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MoSGA Messenger, The Official Blog of the Missouri State Genealogical Association
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Tom Pearson, Editor

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Wednesday, October 17, 2012

CIVIL WAR SYMPHONY

The 150th anniversary of Missouri’s involvement in the Civil War is the inspiration for a new composition by Barbara Harbach, professor of music at UMSL.

Missouri was the site of more than 1,000 battles during the Civil War, trailing only Virginia and Tennessee.

That staggering fact often surprises many people not familiar with the state’s pivotal role in the conflict. The 150th anniversary of Missouri’s involvement in the Civil War was the inspiration for a new composition by Barbara Harbach, professor of music at the University of Missouri–St. Louis.

The premiere performance of “A State Divided – Missouri Symphony for Orchestra” will happen at 7 p.m. Oct. 23 in the Lee Auditorium at the Missouri History Museum in Forest Park. The premiere will be performed by the University Orchestra, under the direction of Robert Howard, conductor at UMSL. The performance is free and open to the public.

The University Orchestra will also perform the symphony during its 2012 Fall Concert at 7:30 p.m. on Nov.1 in the E. Desmond and Mary Ann Lee Theater at the Blanche M. Touhill Performing Arts Center at UMSL. That show is also free and open to the public.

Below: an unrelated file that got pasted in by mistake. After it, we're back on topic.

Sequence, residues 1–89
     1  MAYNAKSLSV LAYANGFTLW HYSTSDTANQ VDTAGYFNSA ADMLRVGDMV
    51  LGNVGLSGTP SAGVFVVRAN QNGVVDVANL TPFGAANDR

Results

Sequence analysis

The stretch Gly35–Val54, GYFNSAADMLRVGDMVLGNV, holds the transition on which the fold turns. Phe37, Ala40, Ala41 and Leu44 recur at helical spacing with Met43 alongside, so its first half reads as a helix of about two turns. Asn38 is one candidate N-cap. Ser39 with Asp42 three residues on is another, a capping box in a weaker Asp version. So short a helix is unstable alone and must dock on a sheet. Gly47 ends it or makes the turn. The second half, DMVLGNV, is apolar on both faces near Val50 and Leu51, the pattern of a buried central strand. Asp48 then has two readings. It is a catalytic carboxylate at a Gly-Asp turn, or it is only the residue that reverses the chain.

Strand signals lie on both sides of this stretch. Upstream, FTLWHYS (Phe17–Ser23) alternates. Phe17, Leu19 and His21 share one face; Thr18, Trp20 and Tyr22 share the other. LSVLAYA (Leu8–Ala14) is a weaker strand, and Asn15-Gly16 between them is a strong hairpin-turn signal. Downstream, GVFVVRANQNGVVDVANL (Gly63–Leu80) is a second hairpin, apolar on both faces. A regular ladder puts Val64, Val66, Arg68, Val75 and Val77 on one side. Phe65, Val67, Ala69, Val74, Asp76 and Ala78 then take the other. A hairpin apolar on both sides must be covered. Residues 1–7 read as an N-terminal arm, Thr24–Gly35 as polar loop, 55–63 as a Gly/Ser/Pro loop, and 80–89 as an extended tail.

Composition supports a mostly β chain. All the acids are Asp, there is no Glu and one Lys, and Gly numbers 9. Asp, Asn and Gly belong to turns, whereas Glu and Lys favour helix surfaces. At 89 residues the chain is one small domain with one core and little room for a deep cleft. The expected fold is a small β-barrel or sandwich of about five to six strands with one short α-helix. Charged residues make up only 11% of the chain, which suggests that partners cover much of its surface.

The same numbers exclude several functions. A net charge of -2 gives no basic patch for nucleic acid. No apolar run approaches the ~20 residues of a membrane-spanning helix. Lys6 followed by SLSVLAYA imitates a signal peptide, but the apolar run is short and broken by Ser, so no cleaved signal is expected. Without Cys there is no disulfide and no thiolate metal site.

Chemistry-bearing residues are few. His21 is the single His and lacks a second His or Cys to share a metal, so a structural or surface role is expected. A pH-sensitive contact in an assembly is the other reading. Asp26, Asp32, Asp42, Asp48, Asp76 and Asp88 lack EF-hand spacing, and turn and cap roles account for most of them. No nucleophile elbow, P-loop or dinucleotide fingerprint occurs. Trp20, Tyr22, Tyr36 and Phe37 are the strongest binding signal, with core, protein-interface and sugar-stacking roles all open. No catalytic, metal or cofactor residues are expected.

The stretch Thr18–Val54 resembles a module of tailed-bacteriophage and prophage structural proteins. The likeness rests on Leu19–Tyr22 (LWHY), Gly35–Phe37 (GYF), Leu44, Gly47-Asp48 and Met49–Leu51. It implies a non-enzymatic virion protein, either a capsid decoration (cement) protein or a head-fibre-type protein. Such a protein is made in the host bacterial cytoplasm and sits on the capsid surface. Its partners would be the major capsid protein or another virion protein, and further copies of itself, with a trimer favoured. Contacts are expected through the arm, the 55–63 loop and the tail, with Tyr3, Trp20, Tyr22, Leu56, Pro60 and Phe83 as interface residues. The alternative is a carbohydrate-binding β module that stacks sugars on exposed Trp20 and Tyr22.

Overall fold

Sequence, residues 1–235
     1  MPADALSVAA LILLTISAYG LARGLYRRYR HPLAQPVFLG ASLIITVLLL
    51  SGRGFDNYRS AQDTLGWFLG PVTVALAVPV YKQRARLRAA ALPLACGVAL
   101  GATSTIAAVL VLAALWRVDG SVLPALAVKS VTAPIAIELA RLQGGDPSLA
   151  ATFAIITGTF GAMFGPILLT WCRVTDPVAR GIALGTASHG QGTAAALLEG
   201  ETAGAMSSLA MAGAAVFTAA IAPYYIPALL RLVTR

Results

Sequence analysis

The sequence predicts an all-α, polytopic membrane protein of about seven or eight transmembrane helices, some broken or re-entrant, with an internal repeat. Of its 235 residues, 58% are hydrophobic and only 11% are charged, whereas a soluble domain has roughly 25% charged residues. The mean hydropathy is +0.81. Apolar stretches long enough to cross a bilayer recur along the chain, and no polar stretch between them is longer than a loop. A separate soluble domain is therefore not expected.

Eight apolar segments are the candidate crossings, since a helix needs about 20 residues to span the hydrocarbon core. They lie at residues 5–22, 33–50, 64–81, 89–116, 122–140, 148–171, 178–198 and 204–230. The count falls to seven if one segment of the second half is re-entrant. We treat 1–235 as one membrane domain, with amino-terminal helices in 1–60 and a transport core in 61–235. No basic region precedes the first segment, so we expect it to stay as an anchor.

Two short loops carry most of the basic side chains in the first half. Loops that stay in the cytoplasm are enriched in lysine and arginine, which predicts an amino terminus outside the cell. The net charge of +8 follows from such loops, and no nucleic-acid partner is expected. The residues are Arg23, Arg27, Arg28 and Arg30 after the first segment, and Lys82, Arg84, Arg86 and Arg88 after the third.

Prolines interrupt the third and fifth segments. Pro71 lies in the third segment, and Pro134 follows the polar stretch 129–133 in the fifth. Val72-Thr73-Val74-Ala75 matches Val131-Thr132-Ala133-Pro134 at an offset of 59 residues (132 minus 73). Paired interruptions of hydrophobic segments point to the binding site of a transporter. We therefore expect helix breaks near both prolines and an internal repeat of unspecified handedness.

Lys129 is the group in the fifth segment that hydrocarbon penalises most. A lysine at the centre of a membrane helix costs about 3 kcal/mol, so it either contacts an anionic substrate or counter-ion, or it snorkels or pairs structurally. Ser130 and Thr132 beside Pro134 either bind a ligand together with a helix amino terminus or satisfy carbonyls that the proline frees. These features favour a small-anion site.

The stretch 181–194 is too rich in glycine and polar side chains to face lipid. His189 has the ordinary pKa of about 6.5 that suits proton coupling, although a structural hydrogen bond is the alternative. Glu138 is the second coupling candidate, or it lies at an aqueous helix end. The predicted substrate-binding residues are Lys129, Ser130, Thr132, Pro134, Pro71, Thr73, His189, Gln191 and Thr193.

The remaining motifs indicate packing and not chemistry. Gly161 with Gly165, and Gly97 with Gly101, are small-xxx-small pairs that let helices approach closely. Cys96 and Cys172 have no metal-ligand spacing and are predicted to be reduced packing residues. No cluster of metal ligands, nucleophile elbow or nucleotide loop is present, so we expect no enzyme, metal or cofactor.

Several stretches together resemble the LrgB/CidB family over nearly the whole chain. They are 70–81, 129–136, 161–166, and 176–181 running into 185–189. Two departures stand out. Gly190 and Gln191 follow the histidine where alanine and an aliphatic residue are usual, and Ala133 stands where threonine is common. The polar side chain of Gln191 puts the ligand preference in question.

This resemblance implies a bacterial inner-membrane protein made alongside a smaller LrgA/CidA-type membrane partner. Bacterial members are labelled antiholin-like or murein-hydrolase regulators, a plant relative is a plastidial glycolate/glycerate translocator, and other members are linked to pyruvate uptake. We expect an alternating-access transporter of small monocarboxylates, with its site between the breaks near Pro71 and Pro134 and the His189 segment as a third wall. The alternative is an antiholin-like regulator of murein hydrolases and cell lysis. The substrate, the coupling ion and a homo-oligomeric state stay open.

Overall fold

“I enjoyed reading about the history of the Civil War in Missouri and transferring my thoughts and feelings into a music score,” Harbach said. “In a small way, this project is refocusing the historical lens on the pivotal role Missouri played in the Civil War, making Missourians aware of its history.”

The symphony will play out in three movements, each representing a major chapter in the history of Missouri’s involvement in the Civil War. Each movement will be prefaced by a narration by Louis Gerteis, professor of history at UMSL, placing the movement in the context of the Civil War.

Gerteis specializes in the history of the Civil War era. He’s authored four books. The most recent “The Civil War in Missouri: A Military History,” was published this year.

Harbach’s new composition expands her musical work based on St. Louis and Missouri landmarks including “Freedom Suite for String Orchestra,” inspired by the Dred and Harriet Scott legal struggle for their freedom, and “Harriet’s Story for Soprano, Violin, and Piano,” inspired by Harriet Scott and Harriet Tubman.

Harbach has a large catalog of works, including: symphonies, operas, string orchestras, musicals, works for chamber ensembles, film scores, modern ballets, pieces for organ, harpsichord and piano; choral anthems; and many arrangements for brass and organ of various Baroque works.

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